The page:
On Christmas Eve in 1968 six-year-old army brat Clairee simultaneously learns the hard truth about Santa Claus and the realities of war. Her bullying older brother Mickey informs her that ... See full summary »
If you go down to the woods tonight be sure of the biggest surprise of your life! When Hansel and Gretel's wicked stepmother leads them into the dark forest, the children find themselves in... See full summary »
Wilbur the pig is scared of the end of the season, because he knows that come that time, he will end up on the dinner table. He hatches a plan with Charlotte, a spider that lives in his pen, to ensure that this will never happen.
The curiously named, Moondance Alexander is a spirited teen living with her eccentric mother. She is faced with another uneventful summer until she discovers a lost pinto pony named ... See full summary »
Ken McLaughlin struggles to please his family in any way. He comes back from boarding school boasting poor grades and facing going through the fifth grade again, much to his fathers dismay.... See full summary »
Harold D. Schuster
Ben Crane believes that a severely injured racehorse deserves another chance. He and his daughter Cale adopt the horse (in fact is a mare)and save it of being sacrificed by the owner. The arrival of the mare to Crane's farm, will be the perfect opportunity for both father and daughter to reconstruct their lost familiar bond. "Soñador" (Dreamer in English), the renamed mare, despite its broken leg, maybe could have another chance to return to the racecourse, with the help of Cale, Ben, and his father, Pop. Written by
An advance showing of this film was shown to a number of recording artists, who were then asked to submit ideas for theme songs. Bethany Dillon's song "Dreamer" was chosen out of all the submissions. See more »
After acquiring the injured horse, Ben is going to take the horse back to his farm. When the truck is shown pulling up to the stable, there is obviously no trailer; however, in the next scenes, the red trailer is shown hooked up to the truck. See more »
There used to be horses in that barn. At least, that's what my Grandfather says. We're probably the only horse farm in Lexington, Kentucky, that doesn't have one horse. Not one.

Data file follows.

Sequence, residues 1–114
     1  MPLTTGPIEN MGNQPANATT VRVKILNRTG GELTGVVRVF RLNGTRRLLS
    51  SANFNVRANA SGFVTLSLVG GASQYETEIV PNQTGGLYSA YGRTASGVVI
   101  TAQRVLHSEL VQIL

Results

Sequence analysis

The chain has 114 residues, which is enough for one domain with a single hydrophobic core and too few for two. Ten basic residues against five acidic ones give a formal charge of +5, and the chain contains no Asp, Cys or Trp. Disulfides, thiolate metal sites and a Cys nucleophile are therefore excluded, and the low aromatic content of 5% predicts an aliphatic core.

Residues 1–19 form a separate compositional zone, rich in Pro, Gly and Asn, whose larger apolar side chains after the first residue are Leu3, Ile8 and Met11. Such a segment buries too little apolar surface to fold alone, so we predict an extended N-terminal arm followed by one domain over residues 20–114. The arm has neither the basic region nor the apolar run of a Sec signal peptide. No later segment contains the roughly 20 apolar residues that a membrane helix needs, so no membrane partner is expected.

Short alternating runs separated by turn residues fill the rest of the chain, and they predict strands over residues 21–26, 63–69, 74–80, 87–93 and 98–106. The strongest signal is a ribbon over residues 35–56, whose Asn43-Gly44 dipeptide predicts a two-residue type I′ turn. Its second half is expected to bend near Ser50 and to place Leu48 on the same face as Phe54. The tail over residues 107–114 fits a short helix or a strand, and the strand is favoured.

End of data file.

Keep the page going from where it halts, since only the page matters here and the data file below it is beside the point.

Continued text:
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Well, I just got through watching this much-anticipated film (by me) and it didn't disappoint except for one thing: I thought it was a true story. I didn't play close enough attention to the word "inspired" in the title because, unlike the story of Seabiscuit, this isn't what really happened.
It's based on a nice comeback story a real racehorse, Mariah's Storm, which did make a great comeback from a serious injury but not to the extent of what happens here in this movie. This was exaggerated to the hilt for dramatic purposes, but that's okay once you know that because the story is, indeed, "inspirational."
Most important, this is about as nice a modern-day film as you will ever find. There's nary a swear word, hardly even a raised voice. There are nice characters and a sweet, family-friendly tone to it with a tear-in-your-eyes Seabiscuit-type tale and ending.
Dakota Fanning once again demonstrates why she is the greatest child actor of her generation. Kurt Russell is excellent, too. Ole Kurt must be mellowing these days playing subdued nice guys like this. It's good to see. The same goes for Elisabeth Shue. This is a far cry from her role in Leaving Las Vegas. Even Kris Kristofferson holds his tongue in this film! Amazing.
Like Seabiscuit, this also is beautifully filmed. I wonder if any sport is filmed and is just surrounded by all this beauty in real-life, too, like horse racing? It IS "the sport of kings." There is some spectacular scenery in here, much of it in Kentucky and where better to be when filming a horse racing story?
So, if you and your kids - or just you - want to settle in for nice film, and you're looking for a pleasing, nice-looking, feel-good story you absolutely cannot miss with this film. Very highly recommended.
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